BigCommerce participates in the EU-US Privacy Shield program. In 2016, the European Commission formally decided that this program was a suitable way of transferring data from the EU to the US. You may wish to mention this in your Privacy Policy if you are serving customers based in the EU.

Here's how BigCommerce user Brock's Performance addresses this in its Privacy Policy:

Brock's Performance Privacy Policy: How do we process your information clause

Security of Browser Information

Privacy laws have implications for your use of your customers' browser information via tools such as cookies. Recital 30 of the GDPR explains why:

"Natural persons may be associated with online identifiers provided by their devices, [...] such as internet protocol addresses, cookie identifiers or other identifiers [...]. This may leave traces [...] may be used to create profiles of the natural persons and identify them."

This means that because cookies track browsing habits and collect login details, they could potentially be used to identify your customers. Therefore, cookies and other browser information can constitute personal data, and thus fall within the ambit of privacy laws like the GDPR.

Let's see what BigCommerce has to say about how it treats your customers' (who BigCommerce calls "Shoppers") browser information. This information is presented in BigCommerce's Privacy Policy.

BigCommerce Privacy Policy: Shoppers and information collected clause

BigCommerce is clear that they do process browser information via their shopping cart software. This means that if you have a BigCommerce store on your website, your Privacy Policy must mention that your customers' browser information will be processed.

Ford UK uses the BigCommerce platform. While BigCommerce is not specifically mentioned in its Privacy Policy, Ford UK has an extremely comprehensive approach to communicating information about its use of cookies. It provides its own Cookie Policy:

Ford UK Cookie Policy intro screenshot

Ford UK's Cookies Policy helpfully explains how customers can disable cookies:

Ford UK Cookie Policy: Controlling and deleting cookies clause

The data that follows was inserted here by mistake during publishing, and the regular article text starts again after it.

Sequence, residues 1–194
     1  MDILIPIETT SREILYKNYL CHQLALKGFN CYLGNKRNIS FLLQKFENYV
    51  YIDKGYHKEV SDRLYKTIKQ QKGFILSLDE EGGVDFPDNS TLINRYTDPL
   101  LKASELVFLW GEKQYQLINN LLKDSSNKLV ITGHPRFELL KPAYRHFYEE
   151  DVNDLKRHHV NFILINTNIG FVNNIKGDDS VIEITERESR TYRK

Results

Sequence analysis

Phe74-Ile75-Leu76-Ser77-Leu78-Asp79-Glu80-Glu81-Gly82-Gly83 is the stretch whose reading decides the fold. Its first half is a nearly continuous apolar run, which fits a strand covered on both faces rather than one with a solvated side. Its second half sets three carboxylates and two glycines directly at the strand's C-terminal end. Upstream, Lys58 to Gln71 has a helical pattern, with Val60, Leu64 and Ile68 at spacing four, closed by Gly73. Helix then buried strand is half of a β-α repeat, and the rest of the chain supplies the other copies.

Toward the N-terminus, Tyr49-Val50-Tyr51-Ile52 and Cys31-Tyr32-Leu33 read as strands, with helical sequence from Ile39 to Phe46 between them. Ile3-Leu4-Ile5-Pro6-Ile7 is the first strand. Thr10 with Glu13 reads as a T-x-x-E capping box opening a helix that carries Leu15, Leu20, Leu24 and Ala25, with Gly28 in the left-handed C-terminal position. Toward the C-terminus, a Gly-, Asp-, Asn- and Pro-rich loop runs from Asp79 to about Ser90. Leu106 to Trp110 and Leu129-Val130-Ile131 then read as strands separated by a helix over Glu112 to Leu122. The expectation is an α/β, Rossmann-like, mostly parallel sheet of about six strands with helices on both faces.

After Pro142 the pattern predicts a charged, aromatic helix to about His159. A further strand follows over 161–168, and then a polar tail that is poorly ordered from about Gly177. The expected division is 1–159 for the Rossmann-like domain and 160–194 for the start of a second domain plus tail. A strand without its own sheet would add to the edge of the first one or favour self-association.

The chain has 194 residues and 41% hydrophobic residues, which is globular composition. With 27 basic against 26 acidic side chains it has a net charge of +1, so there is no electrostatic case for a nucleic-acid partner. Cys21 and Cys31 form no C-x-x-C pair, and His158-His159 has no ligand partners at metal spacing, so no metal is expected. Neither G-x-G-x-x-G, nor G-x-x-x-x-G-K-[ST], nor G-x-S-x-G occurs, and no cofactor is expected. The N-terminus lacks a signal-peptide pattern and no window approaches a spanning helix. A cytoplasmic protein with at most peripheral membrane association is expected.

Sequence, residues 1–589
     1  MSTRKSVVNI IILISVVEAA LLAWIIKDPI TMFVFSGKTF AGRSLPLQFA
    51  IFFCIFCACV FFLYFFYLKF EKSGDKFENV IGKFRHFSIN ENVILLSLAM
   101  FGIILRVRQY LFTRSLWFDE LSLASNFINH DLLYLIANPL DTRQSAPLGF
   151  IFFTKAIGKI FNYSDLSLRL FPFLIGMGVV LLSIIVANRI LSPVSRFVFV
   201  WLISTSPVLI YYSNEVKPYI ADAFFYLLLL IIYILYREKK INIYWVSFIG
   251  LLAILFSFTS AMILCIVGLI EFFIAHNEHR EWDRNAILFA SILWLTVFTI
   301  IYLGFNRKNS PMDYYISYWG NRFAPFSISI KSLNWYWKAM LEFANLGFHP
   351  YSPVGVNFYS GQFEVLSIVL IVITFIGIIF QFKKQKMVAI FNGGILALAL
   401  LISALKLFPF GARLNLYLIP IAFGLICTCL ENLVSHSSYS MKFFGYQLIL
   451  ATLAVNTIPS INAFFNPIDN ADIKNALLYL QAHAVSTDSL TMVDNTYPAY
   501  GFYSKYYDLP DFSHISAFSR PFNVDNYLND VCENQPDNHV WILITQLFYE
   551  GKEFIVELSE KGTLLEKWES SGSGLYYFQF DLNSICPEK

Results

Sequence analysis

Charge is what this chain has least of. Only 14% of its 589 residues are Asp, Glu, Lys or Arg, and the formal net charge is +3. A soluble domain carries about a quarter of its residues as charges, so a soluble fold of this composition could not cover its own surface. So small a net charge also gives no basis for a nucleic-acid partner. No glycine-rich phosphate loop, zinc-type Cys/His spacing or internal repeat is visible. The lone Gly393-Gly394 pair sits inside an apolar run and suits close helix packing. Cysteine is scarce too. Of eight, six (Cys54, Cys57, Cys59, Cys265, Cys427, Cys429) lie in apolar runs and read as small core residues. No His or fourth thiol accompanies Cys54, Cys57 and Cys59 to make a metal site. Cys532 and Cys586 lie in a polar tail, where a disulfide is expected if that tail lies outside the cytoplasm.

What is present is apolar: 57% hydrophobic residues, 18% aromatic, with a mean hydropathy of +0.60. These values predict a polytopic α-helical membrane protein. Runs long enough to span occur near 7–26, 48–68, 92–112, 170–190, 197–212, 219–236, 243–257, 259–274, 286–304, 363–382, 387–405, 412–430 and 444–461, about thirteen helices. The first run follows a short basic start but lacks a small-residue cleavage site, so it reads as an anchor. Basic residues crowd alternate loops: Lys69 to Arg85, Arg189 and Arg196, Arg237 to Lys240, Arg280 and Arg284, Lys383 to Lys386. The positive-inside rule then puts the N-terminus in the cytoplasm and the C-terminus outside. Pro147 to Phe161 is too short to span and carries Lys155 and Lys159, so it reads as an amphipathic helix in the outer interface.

Here's how BigCommerce merchant Andie Swim explains its use of cookies in its Privacy Policy:

Andie Swim Privacy Policy: Cookies clause

Here's another example from BigCommerce merchant CharliChair:

CharliChair Privacy Policy: Essential information we collect clause

"Do Not Track" (DNT) Signals

Some browsers contain a setting known as Do Not Track (DNT) which, when enabled, signals users' preference not to be tracked via cookies and other such mechanisms. There is no legal requirement for websites to obey DNT signals.

CalOPPA, however, requires that companies:

"Disclose how the operator responds to Web browser "do not track" signals [...]"

BigCommerce complies with this requirement ain Section 10 of its own Privacy Policy:

BigCommerce Privacy Policy: Do Not Track signals section

Because BigCommerce states (earlier in this section) that their non-acknowledgement of DNT signals applies both to their website and their services, you'll need to include reference to this in your Privacy Policy if you need to ensure compliance with CalOPPA.

Abandoned Shopping Cart Feature

Imagine the following scenario: a customer is shopping on your company's website. He creates an account, finds a product he's interested in and clicks "Add to Cart." Then his phone rings, or his baby starts crying, or his boss looks over his shoulder, and he abandons the purchase.

BigCommerce has a helpful service where it will email a customer who has abandoned a shopping cart to remind them to complete the purchase. You might be wondering if this complies with the GDPR and other data laws, which have been interpreted as requiring a strong opt-in for receipt of direct marketing emails.